Style and Technique

More than fifty years after their publication, Hemingway’s short stories still strike the reader as highly experimental. The action and conflicts are usually internal rather than external. The traditional conclusion is abbreviated or eliminated; all authorial intrusion, by which past authors told their readers how to respond, is stripped away. Hemingway instead depends on highly stylized dialogue and carefully selected, realistic detail to produce the correct response to the story. His clean, pure line, his economy and exactness of diction, his rhythms and repetitions are here perfectly matched to the self-effacing, tightly controlled objectivity of his first-person narrator. It is only after the final sentence that the reader realizes that the story must be reassessed as an ironic tour de force. The narrator’s seeming disinterest in the conversation on marriage is really a protective device to keep his emotions under control. The reader sees, however, those images on which the narrator’s mind dwells. Through the train window, he notes a burning farmhouse with many spectators merely watching. He sees the fortifications around Paris, still barren from the recently ended war. He focuses on the remnants of a train wreck—splintered, sagging rail cars pulled off the main line. Each image that catches his attention is, in fact, a metaphor for the state of his marriage. Even his strange, repetitious comparisons reflect his emotional state: He is stupefied, not fully...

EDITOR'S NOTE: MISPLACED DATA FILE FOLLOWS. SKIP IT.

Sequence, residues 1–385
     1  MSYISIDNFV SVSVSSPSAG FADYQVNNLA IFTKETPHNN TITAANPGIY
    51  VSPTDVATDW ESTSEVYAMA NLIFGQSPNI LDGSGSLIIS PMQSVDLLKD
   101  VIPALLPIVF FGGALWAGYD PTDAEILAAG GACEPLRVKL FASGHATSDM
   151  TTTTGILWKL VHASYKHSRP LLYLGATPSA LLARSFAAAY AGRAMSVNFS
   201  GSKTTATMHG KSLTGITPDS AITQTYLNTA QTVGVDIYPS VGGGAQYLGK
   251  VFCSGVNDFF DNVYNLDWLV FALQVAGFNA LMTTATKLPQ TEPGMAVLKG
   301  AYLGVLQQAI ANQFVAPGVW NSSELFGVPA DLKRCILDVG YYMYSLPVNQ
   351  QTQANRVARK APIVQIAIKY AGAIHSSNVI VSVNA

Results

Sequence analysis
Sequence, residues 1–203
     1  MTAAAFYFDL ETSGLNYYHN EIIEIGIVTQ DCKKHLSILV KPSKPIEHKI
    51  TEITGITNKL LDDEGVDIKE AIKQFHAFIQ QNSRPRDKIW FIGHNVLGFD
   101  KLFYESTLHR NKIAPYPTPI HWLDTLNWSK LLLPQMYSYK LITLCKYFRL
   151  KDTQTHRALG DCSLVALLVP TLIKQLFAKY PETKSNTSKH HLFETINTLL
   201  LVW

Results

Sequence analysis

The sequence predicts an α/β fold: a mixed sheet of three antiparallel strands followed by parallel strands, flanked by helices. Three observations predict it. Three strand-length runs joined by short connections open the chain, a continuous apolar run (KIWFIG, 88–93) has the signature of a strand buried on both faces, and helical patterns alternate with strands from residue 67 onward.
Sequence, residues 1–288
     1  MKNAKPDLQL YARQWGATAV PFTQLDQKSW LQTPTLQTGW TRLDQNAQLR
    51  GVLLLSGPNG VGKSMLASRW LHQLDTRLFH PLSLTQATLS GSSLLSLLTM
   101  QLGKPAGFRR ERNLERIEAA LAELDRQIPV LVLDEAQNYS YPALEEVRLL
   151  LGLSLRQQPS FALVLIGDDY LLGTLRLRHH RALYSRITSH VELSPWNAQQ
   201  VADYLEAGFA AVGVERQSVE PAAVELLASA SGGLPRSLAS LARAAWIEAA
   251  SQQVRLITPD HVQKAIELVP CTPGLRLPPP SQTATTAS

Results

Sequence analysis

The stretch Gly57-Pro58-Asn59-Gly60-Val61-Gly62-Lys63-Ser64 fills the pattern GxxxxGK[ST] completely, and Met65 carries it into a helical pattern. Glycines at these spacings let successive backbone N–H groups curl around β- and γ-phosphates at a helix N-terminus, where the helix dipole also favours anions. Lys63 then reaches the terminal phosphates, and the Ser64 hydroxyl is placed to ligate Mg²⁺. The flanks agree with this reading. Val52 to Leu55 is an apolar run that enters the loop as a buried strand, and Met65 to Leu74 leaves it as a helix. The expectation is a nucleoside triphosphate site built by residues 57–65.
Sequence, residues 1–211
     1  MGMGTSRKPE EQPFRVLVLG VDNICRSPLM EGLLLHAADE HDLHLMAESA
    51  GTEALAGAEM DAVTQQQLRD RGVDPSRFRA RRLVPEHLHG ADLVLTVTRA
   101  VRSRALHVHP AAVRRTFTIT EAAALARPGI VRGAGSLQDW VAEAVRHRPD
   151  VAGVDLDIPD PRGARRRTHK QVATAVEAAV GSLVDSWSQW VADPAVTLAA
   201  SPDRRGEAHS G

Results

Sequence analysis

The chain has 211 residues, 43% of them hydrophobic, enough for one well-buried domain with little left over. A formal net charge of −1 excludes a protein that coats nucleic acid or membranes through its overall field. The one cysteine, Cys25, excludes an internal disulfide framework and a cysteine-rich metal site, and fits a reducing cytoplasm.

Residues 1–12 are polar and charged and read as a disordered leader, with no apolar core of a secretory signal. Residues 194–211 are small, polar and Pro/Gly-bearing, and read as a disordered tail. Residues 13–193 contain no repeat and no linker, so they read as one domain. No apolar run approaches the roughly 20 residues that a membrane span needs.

(The entire section is 432 words.)


(Comprehensive Guide to Short Stories, Critical Edition)

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Reynolds, Michael. Hemingway: The 1930’s. New York: W. W. Norton, 1997.

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Rovit, Earl, and Arthur Waldhorn, eds. Hemingway and Faulkner in Their Time. New York: Continuum, 2005.

Wagner-Martin, Linda, ed. Hemingway: Seven Decades of Criticism. East Lansing: Michigan State University Press, 1998.